Homeschooling in Michigan

Legal/Homeschool Laws

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Michigan Homeschool Laws & Other Legal Issues
Laws that regulate home education vary from state to state. It is important to understand the legal requirements in your state and to be aware of legislative and other legal issues that affect homeschoolers in your community. We've compiled resources that will help you become informed. Although homeschooling is legal in all 50 states, and the vast majority of homeschoolers face no problems, you may find that you need legal assistance at some point in your homeschooling career. We've compiled a list of resources to help you find the support you need. And if you'd like to become more involved in working towards homeschooling freedoms, we discuss some of the issues facing homeschoolers that we hope you find compelling.

 
State Laws
  Read the laws regulating home education in Michigan and browse through the case law and legal opinions relating to those laws, along with government publications relating to homeschooling and summaries of the laws.

Forms
  Which forms do you need to fill out? Where can you get them? Here is a list of useful forms for homeschooling in Michigan.

Legal Support
  If you need legal information or have run into a legal situation regarding your decision to homeschool, these resources will be helpful.

Lobbying Groups
  A listing of local and national lobbying groups and information on how you can become involved in the political process to ensure the freedom to homeschool is protected.

Attorneys
  When searching for an attorney, it is helpful to know whether he or she has experience working with homeschoolers and is interested in protecting the right to homeschool.

Legal Issues
  Is homeschooling legal? Which laws pertain to homeschoolers and which don't? How do homeschoolers protect their rights to freely educate their children and to preserve their privacy?

Government Resources
  A listing of local and state government resources, including your state's Department of Education, school districts, and Senate and House of Representative information.


Featured Articles & Links Back to Top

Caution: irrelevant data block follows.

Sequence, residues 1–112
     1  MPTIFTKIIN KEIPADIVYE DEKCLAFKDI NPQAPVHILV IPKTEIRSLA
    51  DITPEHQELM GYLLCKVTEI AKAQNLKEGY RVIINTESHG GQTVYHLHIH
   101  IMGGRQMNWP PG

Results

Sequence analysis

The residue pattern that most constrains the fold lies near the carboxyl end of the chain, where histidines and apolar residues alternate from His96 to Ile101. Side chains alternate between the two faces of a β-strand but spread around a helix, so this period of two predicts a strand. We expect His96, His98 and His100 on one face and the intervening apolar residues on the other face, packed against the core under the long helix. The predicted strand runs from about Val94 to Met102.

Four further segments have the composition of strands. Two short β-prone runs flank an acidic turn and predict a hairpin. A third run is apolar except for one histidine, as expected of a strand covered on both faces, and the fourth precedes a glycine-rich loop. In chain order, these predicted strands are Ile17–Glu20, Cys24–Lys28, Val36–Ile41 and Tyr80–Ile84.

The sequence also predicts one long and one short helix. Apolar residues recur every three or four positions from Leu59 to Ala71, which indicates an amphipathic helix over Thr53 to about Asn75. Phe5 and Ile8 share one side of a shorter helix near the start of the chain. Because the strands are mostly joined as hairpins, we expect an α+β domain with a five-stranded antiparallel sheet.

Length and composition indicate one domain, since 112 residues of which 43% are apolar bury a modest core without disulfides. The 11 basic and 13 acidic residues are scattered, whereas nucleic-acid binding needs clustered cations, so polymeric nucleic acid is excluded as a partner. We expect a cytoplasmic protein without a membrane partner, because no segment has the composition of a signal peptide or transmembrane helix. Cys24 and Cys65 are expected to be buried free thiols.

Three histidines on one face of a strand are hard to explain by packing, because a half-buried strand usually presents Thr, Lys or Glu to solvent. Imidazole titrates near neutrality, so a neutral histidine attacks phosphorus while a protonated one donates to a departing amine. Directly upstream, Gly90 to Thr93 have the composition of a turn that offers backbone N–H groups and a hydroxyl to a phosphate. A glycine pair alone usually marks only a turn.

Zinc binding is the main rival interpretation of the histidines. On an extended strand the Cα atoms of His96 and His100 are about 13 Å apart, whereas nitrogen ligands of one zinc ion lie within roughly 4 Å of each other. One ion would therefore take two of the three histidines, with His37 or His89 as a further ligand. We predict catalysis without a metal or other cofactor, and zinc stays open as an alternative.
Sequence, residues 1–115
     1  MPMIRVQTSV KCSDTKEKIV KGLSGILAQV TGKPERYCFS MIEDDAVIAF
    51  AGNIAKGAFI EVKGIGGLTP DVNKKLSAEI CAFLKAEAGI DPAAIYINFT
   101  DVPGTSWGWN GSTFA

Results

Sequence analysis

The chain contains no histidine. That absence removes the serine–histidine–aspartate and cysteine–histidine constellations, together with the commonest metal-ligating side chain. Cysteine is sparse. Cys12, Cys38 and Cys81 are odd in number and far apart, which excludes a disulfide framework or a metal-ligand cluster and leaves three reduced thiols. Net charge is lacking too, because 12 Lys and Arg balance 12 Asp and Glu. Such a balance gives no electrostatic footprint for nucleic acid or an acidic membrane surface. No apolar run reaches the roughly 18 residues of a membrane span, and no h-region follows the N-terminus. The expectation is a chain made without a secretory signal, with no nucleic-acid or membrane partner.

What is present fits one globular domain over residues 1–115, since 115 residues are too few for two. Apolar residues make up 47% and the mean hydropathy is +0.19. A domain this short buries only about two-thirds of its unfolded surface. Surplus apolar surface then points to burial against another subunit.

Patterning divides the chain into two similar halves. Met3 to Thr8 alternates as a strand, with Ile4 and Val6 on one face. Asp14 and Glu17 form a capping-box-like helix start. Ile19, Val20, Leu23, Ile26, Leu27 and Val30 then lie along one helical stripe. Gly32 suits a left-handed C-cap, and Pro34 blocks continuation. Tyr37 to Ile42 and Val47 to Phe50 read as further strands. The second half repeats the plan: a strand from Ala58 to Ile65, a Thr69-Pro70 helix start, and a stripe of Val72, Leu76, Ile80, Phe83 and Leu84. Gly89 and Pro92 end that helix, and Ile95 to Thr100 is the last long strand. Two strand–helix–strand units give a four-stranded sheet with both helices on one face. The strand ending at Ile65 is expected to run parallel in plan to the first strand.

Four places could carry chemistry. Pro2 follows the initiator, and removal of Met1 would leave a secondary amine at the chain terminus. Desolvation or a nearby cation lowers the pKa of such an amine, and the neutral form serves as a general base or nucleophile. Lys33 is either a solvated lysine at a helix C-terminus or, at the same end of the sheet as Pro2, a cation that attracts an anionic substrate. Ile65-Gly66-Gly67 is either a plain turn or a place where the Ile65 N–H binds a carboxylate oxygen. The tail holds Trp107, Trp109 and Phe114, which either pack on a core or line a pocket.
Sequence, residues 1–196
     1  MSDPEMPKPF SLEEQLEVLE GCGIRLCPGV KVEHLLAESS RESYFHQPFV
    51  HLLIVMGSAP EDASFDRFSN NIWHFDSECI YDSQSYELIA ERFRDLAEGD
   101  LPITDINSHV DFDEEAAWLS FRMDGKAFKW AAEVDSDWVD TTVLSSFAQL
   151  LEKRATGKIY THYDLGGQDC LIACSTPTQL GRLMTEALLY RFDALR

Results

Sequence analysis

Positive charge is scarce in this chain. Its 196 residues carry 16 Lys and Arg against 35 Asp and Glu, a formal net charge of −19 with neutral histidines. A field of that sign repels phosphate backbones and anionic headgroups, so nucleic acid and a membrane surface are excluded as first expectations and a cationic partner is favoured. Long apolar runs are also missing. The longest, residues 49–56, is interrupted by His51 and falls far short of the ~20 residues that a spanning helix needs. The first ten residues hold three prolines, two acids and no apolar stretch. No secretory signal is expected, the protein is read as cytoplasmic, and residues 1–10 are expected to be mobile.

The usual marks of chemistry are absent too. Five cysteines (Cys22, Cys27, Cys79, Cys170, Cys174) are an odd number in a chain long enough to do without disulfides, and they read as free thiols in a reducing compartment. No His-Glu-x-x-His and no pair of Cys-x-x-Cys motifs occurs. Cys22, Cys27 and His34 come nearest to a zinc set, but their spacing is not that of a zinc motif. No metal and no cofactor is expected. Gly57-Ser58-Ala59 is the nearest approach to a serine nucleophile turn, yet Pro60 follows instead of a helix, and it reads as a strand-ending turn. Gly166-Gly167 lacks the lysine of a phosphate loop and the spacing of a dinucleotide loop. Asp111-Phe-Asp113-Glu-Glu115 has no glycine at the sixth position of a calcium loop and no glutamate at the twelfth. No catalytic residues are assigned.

Court Upholds Enrollment Requirement for Athletic Eligibility
Brad Banasik
The Michigan Court of Appeals has rejected a claim that home schooled students have a right to participate in extracurricular interscholastic athletic programs in the school districts where they reside. This decision by the Court of Appeals, Reid, et al. v Kenowa Hills Public Schools, et al., affirms that the Michigan High School Athletic Association (MHSAA) and school districts can require students to be enrolled in and passing at least twenty credit hours (per week) in order to be eligible to participate in athletics.
Alliance for the Separation of School & State
An advisory group concerned with educating people about the need to eliminate government involvement in education and the rights of parents to educate their own children. On this site, you will find a public proclamation for the separation of school and state, which you can sign.
Sheridan Road Baptist Church v. Department of Education (1984)
The Nonpublic School Membership Report (Form SM4325) is an annual report used by the Department. Information requested on the form includes the number of students in each grade, teacher qualifications, and the course of study offered. Use of the form is authorized by section 5 of the Nonpublic School Act, and was approved by the Michigan Supreme Court in Sheridan Road Baptist Church v Department of Education.
Pierce v. Society of the Sisters of the Holy Names of Jesus and Mary
In Pierce v. Society of the Sisters, the U.S. Supreme Court ruled that "the fundamental theory of liberty upon which all governments of this Union repose excludes any general power of the state to standardize its children by forcing them to accept instruction from public teachers only. The child is not the creature of the state."
Clonlara v. State Board of Education (1993)
In 1993, the Michigan Supreme Court in Clonlara, Inc v State Board of Education (442 Mich 252) ruled that the Nonpublic School Act did not require a nonpublic school to be in session for 180 days required for public schools.


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